“George C. Moore has almost seven years of successfully operating in El Salvador.We have recently been selected for the 2012 Supplier Innovation of the Year Award granted by Fruit of the Loom" Andrew Dreher, Senior Vice President
(PRWEB) April 19, 2013
Members of the Salvadoran synthetic textile and apparel cluster are preparing to participate in the annual American Apparel Producers’ Network (AAPN) forum in which the theme will be “Apparel Made in the Americas”. This forum seeks to educate and facilitate the exchange of experiences and information on America’s shorter cycle times, new capabilities, speed to market, flexibility, among other important criterion taken into consideration by apparel sourcing executives to select vendors since there seems to be mixed perceptions on the Western Hemisphere’s performance versus the East. Sourcing shifted from the Western Hemisphere due to cost reasons but in the process the region has managed to attract new investments in yarn and fabric production, trims, apparel and related product and services that have strengthen and reinforced the region’s capabilities and have positioned the region as an alternative now that energy and transportation costs in Asia are rising and apparel labor availability in China shrinks.
“As textile mills we have definitely perceived a renewed interest in the DR-CAFTA region on behalf of U.S. and Global apparel sourcing executives in the past three years. We have been constantly receiving sourcing executives in our manufacturing facilities that are exploring and evaluating coming back to the region. They are interested in learning about our capabilities as narrow and wide fabric manufacturers in El Salvador and rediscovering the apparel value chain in the region,” said Dana Barlow, CEO of The Moore Company.
The DR-CAFTA Exports to the U.S. in 2012 reached $7.8 billion and El Salvador (positioned as the 9th apparel supplier) contributed with $1.8 billion in exports and was the only DR-CAFTA country that actually experienced a growth in apparel exports to the U.S.
A robust and vertically integrated synthetic textile manufacturing cluster has developed over the past several years in El Salvador. The eight companies joining forces to promote the cluster include: George C. Moore Company, Darlington Fabrics, Apparel Production Services (APS), CS Central America, Pettenati, TexOps, ProDept and Unifi. For example, George C. Moore and Darlington Fabrics have combined their efforts to expand the region’s capability by locally producing and supplying apparel manufacturers with woven and knit narrow fabric, as well as warp knit stretch fabric for the underwear, intimate apparel, athletic compression, performance apparel, swimwear, orthopedic & medical, industrial and military markets. “George C. Moore has almost seven years of successfully operating in El Salvador where we have received several recognitions from our customers. We have recently been selected for the 2012 Supplier Innovation of the Year Award granted by Fruit of the Loom, Inc. This innovation award is very important for us since it came as a result of our team’s capacity to develop a new style of elastic and to lead the transition without any lost production and on-time delivery. I am very proud of our workforce in El Salvador since they constantly maintain the highest levels of quality and service and the company supports innovation executed by our employees by making the necessary investments in equipment to satisfy the specific needs of our customers,” said Andrew Dreher, Senior Vice President of George C. Moore.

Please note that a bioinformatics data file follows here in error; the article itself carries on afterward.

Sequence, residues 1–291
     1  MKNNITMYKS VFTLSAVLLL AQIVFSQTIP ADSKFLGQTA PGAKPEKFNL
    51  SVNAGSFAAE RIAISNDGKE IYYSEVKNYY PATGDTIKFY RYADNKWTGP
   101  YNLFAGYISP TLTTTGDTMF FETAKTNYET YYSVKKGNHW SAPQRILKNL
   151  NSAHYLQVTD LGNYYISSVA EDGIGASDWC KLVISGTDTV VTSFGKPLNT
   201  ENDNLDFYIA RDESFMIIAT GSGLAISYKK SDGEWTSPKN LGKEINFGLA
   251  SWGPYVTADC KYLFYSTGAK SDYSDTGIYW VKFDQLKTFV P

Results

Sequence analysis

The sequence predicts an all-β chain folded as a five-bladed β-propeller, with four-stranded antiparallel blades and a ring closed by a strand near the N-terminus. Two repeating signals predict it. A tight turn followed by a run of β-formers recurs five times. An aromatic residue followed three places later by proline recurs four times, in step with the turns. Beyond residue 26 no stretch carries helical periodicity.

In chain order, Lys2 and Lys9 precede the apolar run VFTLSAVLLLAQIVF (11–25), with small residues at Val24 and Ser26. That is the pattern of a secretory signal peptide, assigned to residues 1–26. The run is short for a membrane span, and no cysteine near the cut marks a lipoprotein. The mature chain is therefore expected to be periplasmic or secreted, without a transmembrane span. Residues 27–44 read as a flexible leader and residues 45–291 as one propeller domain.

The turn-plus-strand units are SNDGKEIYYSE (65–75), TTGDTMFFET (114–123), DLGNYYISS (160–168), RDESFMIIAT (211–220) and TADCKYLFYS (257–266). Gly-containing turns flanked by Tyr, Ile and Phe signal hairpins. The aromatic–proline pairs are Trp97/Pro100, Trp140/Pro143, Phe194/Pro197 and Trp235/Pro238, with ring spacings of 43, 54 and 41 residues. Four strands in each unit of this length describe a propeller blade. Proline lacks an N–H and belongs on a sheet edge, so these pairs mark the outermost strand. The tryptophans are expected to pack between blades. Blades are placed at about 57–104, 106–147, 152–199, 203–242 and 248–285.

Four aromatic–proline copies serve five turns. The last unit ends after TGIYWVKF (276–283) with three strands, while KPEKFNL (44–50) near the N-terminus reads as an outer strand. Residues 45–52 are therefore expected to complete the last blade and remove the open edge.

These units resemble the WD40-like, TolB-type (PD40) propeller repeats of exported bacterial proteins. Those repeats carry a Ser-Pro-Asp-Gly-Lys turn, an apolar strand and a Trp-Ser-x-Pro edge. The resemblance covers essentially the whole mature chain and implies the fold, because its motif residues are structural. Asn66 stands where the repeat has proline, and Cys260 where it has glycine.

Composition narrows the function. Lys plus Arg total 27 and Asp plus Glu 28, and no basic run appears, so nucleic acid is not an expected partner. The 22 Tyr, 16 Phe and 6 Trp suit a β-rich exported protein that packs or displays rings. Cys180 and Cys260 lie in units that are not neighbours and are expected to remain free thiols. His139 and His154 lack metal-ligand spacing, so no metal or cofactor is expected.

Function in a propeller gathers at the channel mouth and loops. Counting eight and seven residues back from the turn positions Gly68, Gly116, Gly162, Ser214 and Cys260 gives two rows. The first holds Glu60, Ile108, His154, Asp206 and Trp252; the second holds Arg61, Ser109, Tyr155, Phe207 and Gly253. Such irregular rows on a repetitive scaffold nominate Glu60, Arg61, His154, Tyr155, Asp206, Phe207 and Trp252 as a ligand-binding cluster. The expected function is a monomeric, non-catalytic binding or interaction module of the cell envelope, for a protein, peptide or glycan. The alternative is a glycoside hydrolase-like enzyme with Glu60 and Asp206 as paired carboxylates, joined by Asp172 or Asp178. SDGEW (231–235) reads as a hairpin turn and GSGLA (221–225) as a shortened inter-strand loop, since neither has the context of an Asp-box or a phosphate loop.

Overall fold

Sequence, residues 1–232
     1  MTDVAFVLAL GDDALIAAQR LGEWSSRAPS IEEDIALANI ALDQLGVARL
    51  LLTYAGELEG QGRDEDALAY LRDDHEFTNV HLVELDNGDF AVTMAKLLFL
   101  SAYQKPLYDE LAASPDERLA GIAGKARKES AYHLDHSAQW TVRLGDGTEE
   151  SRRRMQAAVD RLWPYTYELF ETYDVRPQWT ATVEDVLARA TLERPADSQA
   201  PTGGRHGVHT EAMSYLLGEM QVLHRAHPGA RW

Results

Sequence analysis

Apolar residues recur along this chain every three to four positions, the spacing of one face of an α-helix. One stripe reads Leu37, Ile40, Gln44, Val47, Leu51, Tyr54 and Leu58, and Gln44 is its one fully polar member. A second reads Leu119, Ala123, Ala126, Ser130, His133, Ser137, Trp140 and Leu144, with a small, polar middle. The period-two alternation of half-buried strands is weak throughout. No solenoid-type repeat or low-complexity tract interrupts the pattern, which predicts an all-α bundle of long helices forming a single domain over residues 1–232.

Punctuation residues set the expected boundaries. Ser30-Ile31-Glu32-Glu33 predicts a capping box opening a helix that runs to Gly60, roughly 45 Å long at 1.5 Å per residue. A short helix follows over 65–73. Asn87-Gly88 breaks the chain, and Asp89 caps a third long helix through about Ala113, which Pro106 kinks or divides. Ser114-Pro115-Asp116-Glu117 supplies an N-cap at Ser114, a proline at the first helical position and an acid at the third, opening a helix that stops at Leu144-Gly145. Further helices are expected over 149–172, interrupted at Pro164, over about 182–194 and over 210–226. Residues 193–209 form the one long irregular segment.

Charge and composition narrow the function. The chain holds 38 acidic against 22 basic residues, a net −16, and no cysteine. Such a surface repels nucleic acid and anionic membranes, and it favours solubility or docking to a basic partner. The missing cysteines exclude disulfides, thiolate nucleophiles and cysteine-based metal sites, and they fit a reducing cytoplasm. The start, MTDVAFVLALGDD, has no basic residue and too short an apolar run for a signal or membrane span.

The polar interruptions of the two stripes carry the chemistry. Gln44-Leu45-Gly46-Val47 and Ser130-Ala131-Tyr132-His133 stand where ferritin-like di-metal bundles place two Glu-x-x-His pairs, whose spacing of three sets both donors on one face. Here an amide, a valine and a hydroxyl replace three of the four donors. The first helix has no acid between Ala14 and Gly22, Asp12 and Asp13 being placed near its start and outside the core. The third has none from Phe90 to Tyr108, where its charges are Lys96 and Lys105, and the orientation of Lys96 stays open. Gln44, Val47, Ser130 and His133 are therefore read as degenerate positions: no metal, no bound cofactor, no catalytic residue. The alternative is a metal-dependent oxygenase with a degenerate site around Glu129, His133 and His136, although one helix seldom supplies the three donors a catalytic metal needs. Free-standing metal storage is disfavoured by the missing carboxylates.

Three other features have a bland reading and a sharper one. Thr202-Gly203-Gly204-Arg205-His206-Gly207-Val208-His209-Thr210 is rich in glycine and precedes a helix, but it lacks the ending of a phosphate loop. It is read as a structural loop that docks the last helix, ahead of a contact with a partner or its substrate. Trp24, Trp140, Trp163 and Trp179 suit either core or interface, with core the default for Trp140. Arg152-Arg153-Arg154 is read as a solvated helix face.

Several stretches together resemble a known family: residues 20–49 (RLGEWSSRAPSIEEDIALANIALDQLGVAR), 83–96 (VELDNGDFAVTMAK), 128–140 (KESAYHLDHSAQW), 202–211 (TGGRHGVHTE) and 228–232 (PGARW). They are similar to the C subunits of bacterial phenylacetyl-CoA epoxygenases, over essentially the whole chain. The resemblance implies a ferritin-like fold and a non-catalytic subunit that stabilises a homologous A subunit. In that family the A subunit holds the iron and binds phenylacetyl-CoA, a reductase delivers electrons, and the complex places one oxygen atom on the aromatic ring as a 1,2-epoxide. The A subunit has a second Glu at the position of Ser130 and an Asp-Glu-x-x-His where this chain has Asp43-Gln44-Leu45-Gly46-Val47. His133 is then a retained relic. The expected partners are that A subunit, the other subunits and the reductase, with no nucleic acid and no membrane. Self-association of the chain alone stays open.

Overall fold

The AAPN carried out a research to understand the perceptions of 13 senior sourcing executives about sourcing in Asia versus sourcing in the Americas. This research provided feedback on the performance of the Western Hemisphere in areas such as apparel suppliers’ knowledge and experience with US markets, vertical integration of the value chain, speed, costs, ease of doing business, product development capabilities, social compliance and risk assessment. One of the biggest advantages of the East is the greater number and selection of textile inputs, although they do acknowledge West is definitely expanding in performance fabrics. “On this survey it was mentioned that the West needs more synthetics, for which as members of the synthetic textile and apparel cluster in El Salvador we definitely know we are on the right path but we are also well aware of the fact that sourcing in the region will not increase only for one country or one company, we need to grow and work as a region” said Steve Perry, Senior Vice President of Darlington Fabrics. “Despite the challenges of the West versus the East in terms of costs, flexibility, verticality, among others, the gap between the two regions is not as pronounced as we would have expected (3.1 vs. 3.5), so this is definitely an opportunity to take this feedback and work as a region to address and overcome our weaknesses,” S. Perry added.